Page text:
God never promised us life as a disciple was easy. What God does promise us is that when we take the plunge, when we jump into life, we don’t do it alone. We jump united with God through Jesus, and we jump into the wonderfully-yet-unknowably deep grace of God, a grace that although we don’t fully understand it, is sufficient for whatever we face. We jump even when we don’t think we have the energy, filled with power from God through the Holy Spirit to keep on swimming, to extend compassion’s comfort when we don’t think we have any more to give. Baptism gives us newness of life, births us anew through water and the Spirit, and cleanses us from whatever would hold us back from taking the plunge into God’s fullness of life. We have been set free through the waters of baptism—free to live lives without fear and full of trust in God’s promise that we belong to him, that he loves us, and nothing will ever stand in the way of that love for us. So let’s take the plunge into God’s restorative, reinvigorating, resurrecting waters of grace and live into our baptism, over and over and over and over again…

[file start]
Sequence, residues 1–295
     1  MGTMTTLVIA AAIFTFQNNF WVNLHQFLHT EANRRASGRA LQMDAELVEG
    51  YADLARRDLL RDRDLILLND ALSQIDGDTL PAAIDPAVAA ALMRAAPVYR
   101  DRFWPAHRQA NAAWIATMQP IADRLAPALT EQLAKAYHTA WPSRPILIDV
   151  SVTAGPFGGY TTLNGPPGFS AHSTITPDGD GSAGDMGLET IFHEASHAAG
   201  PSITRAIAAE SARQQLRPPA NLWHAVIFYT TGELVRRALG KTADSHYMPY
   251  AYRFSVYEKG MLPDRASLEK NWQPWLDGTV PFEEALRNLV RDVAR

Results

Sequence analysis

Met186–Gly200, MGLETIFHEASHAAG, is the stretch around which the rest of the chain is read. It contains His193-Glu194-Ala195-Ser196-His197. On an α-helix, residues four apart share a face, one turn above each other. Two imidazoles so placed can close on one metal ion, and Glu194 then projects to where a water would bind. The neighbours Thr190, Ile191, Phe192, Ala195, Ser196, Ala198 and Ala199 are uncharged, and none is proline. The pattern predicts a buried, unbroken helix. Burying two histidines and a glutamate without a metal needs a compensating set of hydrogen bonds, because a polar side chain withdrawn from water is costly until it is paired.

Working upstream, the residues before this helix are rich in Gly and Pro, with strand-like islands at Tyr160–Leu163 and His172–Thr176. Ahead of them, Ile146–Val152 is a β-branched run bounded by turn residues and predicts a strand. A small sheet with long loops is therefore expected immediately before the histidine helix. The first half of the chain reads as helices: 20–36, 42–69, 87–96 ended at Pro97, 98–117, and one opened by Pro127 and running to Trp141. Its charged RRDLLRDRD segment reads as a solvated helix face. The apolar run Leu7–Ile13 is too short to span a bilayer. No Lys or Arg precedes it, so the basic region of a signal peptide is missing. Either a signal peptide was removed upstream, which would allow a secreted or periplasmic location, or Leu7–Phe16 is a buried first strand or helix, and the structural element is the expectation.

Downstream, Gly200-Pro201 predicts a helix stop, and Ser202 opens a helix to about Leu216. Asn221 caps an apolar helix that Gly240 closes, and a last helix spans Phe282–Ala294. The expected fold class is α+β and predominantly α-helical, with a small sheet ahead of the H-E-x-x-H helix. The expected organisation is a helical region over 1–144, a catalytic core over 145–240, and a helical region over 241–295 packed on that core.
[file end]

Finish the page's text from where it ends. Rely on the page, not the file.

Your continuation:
In the name of the Father and of the Son and of the Holy Spirit. Amen.